Built in the late 1960’s and early 1970s on the site of an abandoned school, Ilédì Oǹtótóo is the assembly point for the Ògbóni, Yorùbá traditionalists associated with the Earth deity.
This remarkable structure is composed of three enormous roofs which rise against the sky like giant lizards, representing the forces of the earth before mankind. It is one of Susanne Wenger’s most complex and sensitive architectural creations.
Beneath the sloping roof of the left wing of the Ògbói Shrine is a sculpture of the unique greeting gesture of the society’s members. Arms are extended placing the left (feminine) fist on top of the right (masculine) fist. In Yorùbá culture the left-hand side stands for the feminine, and the right-hand side for the masculine aspects of life. The Ògbóni salute each other and the earth by bringing their clenched fists together three times, with the thumb concealed in the palm of the hand.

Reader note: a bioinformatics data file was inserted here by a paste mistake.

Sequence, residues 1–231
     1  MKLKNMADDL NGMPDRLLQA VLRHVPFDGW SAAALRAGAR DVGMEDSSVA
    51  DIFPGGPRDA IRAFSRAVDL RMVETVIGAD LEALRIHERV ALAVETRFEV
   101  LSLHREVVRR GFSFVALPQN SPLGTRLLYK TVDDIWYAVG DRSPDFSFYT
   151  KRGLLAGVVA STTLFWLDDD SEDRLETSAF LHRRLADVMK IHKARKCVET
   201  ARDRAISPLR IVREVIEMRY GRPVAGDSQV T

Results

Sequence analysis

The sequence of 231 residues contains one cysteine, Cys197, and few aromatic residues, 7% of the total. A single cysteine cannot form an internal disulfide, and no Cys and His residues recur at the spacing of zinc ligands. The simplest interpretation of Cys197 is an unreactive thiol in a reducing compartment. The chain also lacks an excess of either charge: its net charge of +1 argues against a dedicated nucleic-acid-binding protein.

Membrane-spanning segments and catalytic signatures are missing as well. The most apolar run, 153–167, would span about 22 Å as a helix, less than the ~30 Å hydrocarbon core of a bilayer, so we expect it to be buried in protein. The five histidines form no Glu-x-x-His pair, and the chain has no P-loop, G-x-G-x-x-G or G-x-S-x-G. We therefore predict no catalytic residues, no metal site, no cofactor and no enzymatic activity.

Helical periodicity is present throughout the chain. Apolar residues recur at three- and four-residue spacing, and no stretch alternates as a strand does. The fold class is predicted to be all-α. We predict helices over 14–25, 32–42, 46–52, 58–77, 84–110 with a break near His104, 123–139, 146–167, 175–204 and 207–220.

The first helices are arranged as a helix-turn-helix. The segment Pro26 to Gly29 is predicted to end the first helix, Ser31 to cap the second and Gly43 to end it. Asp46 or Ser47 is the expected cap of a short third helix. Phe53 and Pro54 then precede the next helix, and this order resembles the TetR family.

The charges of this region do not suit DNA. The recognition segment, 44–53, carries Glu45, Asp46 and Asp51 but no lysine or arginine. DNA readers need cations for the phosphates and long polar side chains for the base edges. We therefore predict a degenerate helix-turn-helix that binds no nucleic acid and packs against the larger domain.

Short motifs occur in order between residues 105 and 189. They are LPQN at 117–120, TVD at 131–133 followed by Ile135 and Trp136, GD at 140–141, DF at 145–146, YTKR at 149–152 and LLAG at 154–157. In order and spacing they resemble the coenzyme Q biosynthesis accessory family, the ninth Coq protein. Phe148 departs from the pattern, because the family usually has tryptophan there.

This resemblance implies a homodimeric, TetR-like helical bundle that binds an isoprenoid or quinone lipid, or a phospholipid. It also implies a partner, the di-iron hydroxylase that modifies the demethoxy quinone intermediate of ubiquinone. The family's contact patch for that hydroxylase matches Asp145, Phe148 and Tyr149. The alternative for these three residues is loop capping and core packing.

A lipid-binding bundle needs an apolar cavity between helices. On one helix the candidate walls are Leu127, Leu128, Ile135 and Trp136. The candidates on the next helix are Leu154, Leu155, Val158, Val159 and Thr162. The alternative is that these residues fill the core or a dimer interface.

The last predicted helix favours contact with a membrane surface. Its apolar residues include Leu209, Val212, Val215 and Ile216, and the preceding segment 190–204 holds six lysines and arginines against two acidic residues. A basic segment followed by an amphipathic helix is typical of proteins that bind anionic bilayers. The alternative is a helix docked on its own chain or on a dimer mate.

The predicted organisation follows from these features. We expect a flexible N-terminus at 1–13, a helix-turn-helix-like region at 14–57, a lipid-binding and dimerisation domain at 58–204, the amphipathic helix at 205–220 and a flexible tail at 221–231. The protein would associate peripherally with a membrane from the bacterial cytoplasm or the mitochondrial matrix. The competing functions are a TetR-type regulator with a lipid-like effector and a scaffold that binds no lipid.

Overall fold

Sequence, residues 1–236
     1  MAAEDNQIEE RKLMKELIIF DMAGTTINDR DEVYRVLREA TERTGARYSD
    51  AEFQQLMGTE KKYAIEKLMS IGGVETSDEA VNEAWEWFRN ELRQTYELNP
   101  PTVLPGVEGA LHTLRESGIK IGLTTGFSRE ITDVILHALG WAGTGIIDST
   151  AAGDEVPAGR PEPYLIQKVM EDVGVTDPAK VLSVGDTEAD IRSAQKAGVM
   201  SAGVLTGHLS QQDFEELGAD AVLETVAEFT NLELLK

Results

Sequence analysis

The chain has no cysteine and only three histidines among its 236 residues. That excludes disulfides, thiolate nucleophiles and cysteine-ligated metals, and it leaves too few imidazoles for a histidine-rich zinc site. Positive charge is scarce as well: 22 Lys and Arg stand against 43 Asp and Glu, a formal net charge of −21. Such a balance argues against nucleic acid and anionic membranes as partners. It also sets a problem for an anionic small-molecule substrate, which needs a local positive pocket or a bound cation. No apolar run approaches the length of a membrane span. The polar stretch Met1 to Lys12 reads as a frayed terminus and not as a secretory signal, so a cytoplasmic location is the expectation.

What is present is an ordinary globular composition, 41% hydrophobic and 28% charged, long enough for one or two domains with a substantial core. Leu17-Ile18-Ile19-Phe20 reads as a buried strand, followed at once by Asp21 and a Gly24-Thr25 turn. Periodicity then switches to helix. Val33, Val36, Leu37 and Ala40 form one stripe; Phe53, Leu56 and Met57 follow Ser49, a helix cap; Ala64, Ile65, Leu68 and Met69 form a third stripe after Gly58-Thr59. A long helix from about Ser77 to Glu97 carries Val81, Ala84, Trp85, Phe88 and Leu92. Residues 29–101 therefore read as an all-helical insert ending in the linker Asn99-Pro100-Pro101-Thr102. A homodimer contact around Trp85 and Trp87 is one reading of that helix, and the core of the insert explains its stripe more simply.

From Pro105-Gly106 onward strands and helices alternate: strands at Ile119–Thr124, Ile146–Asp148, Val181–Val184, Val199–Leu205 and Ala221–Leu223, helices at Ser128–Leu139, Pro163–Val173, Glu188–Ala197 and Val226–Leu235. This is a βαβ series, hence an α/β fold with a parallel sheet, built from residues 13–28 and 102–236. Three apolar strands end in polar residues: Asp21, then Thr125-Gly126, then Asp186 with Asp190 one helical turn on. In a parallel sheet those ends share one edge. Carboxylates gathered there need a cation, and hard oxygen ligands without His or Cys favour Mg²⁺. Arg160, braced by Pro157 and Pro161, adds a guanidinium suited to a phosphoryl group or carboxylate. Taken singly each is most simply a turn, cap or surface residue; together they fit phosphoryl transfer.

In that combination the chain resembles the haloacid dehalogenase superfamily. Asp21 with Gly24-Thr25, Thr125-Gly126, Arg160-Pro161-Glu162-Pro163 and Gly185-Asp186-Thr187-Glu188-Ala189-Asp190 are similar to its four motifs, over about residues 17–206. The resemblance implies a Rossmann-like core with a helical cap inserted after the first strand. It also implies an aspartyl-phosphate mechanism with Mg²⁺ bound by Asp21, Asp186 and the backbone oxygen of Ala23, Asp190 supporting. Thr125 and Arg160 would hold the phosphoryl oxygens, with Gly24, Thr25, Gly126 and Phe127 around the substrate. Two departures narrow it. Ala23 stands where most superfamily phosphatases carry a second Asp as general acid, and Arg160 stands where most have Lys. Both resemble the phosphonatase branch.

Next to it on the left is the alluring sculpture of a waterlily.
Underneath the roof at the opposite end, Ọbàtálá, the god of Creation and Light, rises from the white elephant’s forehead - symbolizing that divine transcendence originates from Mother Earth.
The entry to the Shrine is underneath the middle roof and the door is in the shape of a giant paw print, referencing the connection of the Ògbóni Society to the earth.


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